The NRA which prides itself on only attracting law-abiding citizens to its ranks is the same NRA that tells its members that the government has no right to determine whether they are, in fact, a law-abiding citizen when they attempt to buy a gun. By the same token, the gun violence prevention (GVP) movement is reluctant to go headlong against the ‘law-abiding’ argument because most of the people who allegedly own ‘illegal’ guns happen to be members of minority communities and the last thing the GVP wants is remind its constituency that a majority of the individuals who commit gun violence also happen to be from one of the minority groups.

In other words, it really doesn’t matter what the Washington Post survey found because the narratives used by both sides in the debate about gun violence have little to do with the truth.

 

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Do We Really All Support Background Checks?

If I had a nickel for every gun violence prevention (GVP) advocate and/or gun violence researchers who believes that the American public is not so polarized about controlling guns, I would be somewhere at my golf club and not sitting in my office writing, doing emails, answering the phone and doing all the things I do in order to keep my checkbook occasionally in balance. And this GVP belief in the ability to work with the ‘other side’ stems primarily from endless surveys which show that even gun owners and/or Republicans (usually the same thing) support comprehensive background checks.

polls2             The latest pronouncement in this respect comes from one of our leading gun researchers, Garen Wintemute, who is now overseeing a $5 million grant from the State of California to fund research that has been left undone since the CDC stopped funding gun violence research back in 1998. As ‘proof’ that we are not so divided over the issue of background checks, I quote Wintemute from a recent interview in the Los Angeles Times: “90% of the general population supports (background checks for all firearms purchases), 80% of gun owners support it and 70% of self-reported NRA members support it. Things are not as polarized as they seem.”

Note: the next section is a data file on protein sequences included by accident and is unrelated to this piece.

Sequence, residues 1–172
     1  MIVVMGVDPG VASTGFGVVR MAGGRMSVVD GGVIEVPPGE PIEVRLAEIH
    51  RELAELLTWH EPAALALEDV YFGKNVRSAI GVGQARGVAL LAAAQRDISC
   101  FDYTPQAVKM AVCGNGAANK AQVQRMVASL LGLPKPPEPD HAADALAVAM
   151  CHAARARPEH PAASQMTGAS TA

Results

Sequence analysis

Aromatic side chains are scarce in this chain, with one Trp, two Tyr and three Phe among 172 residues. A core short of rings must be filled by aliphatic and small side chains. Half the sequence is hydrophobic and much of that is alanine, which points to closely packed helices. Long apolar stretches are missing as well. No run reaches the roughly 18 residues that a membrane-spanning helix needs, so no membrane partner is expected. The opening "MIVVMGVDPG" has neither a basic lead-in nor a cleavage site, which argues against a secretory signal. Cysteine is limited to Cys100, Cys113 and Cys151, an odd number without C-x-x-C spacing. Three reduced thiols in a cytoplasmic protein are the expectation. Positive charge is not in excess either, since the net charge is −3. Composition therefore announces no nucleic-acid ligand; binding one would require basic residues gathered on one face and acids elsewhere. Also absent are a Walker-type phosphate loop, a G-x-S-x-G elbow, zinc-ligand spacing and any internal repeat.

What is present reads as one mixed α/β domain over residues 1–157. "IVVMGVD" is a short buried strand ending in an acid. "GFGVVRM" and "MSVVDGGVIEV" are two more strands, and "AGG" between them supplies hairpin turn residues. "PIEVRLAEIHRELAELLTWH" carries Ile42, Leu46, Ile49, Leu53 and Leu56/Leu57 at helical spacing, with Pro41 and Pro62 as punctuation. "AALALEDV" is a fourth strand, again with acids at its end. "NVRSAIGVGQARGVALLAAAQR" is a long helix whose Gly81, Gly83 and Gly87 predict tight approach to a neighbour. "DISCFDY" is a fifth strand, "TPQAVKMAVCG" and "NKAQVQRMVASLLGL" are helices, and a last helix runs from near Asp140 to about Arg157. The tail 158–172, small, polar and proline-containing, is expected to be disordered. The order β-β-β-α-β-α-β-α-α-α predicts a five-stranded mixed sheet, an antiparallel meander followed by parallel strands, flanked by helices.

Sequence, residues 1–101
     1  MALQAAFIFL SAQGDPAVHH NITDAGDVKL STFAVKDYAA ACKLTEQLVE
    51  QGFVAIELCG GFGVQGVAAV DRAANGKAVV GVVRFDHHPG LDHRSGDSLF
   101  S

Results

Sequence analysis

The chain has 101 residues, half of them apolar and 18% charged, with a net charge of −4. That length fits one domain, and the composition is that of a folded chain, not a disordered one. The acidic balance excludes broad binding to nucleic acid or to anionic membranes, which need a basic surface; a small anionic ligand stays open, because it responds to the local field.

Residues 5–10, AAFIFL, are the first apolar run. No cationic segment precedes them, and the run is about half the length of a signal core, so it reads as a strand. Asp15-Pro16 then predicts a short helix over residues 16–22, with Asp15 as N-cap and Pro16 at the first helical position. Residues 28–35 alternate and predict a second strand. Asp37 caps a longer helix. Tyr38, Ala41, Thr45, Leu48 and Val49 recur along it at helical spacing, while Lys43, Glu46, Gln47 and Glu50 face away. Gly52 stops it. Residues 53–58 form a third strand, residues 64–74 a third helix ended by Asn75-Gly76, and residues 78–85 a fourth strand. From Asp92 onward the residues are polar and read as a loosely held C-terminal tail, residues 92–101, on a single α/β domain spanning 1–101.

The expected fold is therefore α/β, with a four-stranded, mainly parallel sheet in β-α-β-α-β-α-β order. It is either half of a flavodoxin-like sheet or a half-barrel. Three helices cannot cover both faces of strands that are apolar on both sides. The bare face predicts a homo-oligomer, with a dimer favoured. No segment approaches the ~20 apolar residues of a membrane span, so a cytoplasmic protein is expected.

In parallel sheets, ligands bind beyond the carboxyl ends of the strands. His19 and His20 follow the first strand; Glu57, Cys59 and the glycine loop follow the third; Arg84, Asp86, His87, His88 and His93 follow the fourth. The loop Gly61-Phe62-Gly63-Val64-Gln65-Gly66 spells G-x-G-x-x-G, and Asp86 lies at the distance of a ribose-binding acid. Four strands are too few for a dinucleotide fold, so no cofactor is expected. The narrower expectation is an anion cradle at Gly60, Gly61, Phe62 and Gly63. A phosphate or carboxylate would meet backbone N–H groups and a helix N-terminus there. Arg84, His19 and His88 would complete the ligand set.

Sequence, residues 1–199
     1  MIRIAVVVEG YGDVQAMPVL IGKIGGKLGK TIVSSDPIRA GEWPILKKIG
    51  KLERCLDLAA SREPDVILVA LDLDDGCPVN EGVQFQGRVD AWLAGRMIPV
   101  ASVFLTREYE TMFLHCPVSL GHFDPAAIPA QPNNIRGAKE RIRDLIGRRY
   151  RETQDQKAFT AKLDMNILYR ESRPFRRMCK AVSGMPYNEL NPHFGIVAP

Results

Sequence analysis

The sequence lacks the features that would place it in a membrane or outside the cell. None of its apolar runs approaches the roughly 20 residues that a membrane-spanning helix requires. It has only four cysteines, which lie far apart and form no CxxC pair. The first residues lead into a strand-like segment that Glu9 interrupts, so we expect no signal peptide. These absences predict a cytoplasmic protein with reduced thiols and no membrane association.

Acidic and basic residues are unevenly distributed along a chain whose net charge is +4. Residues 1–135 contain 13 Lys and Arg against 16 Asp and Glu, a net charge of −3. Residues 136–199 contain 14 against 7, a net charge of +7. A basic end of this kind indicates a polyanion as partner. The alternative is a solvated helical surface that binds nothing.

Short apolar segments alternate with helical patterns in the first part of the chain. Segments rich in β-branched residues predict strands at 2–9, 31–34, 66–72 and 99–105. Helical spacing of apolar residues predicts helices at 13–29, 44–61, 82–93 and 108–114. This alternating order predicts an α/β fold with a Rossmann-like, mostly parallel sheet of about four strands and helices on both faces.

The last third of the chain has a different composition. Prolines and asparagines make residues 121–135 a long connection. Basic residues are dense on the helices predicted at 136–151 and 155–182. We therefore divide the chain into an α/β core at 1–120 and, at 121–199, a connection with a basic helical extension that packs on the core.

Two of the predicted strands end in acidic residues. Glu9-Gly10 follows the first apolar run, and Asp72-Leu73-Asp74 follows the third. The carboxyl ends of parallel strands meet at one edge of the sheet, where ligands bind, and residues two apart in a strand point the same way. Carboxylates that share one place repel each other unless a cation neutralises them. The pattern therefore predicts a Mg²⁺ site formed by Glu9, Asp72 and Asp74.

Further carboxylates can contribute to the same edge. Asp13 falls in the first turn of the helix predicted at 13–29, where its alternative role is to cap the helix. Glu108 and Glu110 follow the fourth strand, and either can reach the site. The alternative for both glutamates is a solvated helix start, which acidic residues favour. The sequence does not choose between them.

I’m assuming that Wintemute took these numbers from the Pew poll published back in June which found, among other things, that 19% of all gun owners were members of the NRA. If this were true, the $165 million they pulled in from dues in 2015 would be chump change compared to what they would really rack if the 19% ‘NRA members’ were paying annual dues. Try about $250 million, okay?

But since the Pew researchers made no effort to ask people why they said they were members of America’s oldest civil rights organization, for the moment let’s accept the number as true even if it’s not. Here’s a bigger truth. The NRA has come out officially and publicly against any expansion of background checks. Period. No compromise whatsoever. So what the Pew researchers should have asked, and perhaps one of Wintemute’s research colleagues will get around to asking at some point is this: ‘If you favor background checks, would you drop your NRA membership because the organization is opposed to background checks?’  Or perhaps instead of that question, the researchers would ask something along the lines like this: ‘Would you vote for someone whose stance on issues included expanding background checks?’